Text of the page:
Having previously been to the Christmas Winter Wonderland in London’s Hyde Park we decided for this year to travel to Germany to experience a ‘real’ German Christmas market!
This was a treat thanks to a Secret Escapes voucher Laura received for her 50th birthday earlier in the year. (Secret Escapes is an online travel club which specialises in luxury travel at discounted prices).
Day 1: Bremen
We had an early Saturday morning flight from London’s Stansted airport and within an hour or so we were in a chilly Bremen by around 9 am! Bremen airport is close to the town and you can either get a taxi for around 15 euros or take tram number 6. The tram station is located outside the front of the airport (walk to the right if you arrived at terminal 2 as we did). You can buy tickets from a machine once you get on the tram so it would be handy to some Euros handy (and the machine gives change).
We made our way by tram straight to the Maritim Hotel, a fairly large 4* hotel in a quiet location near the Congress Centre. We were too early to check in so we left our back packs in the left luggage and set off in search of the markets!
After a 15 minute walk which included a 5 minute stretch through the station, we came to the quaint cobbled Marketplatz (market square), home to the many Christmas market stalls.
Before long we decided to warm up with a mulled wine… and cointreau… and rum… Once fully refreshed we had a leisurely wander around the market with tantalising smells of chestnuts and cinnamon and cheery Christmas tunes being played by buskers.
We made our way through the Altstadt (Old Town) and found a large dark beamed restaurant serving traditional German dishes; just right for lunch!
Around mid afternoon we sauntered back through the market and back to the hotel to check-in. The room was large and comfortable so we chilled for the rest of the afternoon and had a delicious evening meal in the warm comfort of the hotel restaurant.
Day 2: Hamburg
Having seen much of Bremen’s historic market square and festive market on day 1 we decided to head further afield and explore the main Christmas market in the larger city of Hamburg.
There is a direct train link between Bremen and Hamburg and the journey takes about an hour. A small number of Christmas market stalls can be found next to the station, ideal for a quick warm apple gin before boarding the train!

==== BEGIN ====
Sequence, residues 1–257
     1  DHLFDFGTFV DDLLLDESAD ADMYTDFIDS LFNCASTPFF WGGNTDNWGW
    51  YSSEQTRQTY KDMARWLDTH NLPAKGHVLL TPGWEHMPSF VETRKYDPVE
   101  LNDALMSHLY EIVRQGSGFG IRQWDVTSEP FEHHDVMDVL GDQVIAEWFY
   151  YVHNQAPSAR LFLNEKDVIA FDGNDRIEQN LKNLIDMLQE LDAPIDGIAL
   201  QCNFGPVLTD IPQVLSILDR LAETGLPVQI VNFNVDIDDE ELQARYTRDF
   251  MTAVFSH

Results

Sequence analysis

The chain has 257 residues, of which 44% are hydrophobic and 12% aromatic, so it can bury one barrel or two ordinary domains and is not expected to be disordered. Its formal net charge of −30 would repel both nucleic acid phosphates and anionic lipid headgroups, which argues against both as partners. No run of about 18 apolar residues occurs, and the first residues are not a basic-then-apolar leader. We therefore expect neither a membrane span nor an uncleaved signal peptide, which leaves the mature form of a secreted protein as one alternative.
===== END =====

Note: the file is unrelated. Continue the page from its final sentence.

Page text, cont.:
Hamburg is a major port and the second largest city in Germany and as such was quite a contrast from the pretty smaller town of Bremen.
The main Christmas market is held in front of the town hall, a 15 minute walk from the station. This market was busier and with its security guards keeping a watchful eye, it didn’t have the same traditional charm as Bremen.
As a huge city a range of attractions can be found in Hamburg including a wealth of museums, concert venues and restaurants. With its location at the mouth of the River Elbe, numerous canals criss cross the city giving it a modern Venice-like feel.
It would be wonderful to stroll around the canals and maybe take a boat trip in the summer but in the cold dark depths of a Northern European winter we decided to leave that for another time and after warming up in a coffee shop, we headed back on the train to Bremen.
Bremen was magical at nighttime with the stalls and historic buildings lit up with sparkling Christmas lights. We meandered through sampling such tasty delights as cinnamon pastries, candied almonds and soft warm pretzels!
Another mulled wine or two was in order and we enjoyed a delicious mulled white wine with baby apple and Calvedos, as shown in the photo below:
The atmosphere turned even more festive when it began to snow (pic below) even if it was only a small amount…
Day 3: Bremen
Having visited Bremen’s market twice, for our third and final day we decided to don our tourist hats and visit some of the sights of this historic town.
The imposing gothic St Peter’s cathedral is over 1200 years old and the free museum at the back of the building is worth a visit. Displays of the ancient robes of monks from centuries past can be found although the descriptions are in German so, unless you can understand the text, you just have to look!
Another interesting place to visit is the Schnoor Quarter, where the oldest streets of Bremen can be found. The tiny 15th and 16th century mediaeval houses are squashed together alongside the cobbled alleyways. Apparently ropes and cables were originally produced here and this is where the name ‘Schnoor’ came from, as schnur is German for string!
We enjoyed our little trip to Germany and of the two Christmas markets visited we preferred the more cozy and charming feel of Bremen.
The Hotel Maritim was perfect for us; a good location with large comfortable rooms in which to relax. The restaurant and bar prices were reasonable (well… compared with say London…) and the food was excellent. While delicious with a great deal of choice, breakfast on the Sunday morning was rather chaotic with the masses all arriving at the same time! Thankfully the opposite was true on Monday morning where breakfast was something of a more calm and tranquil affair.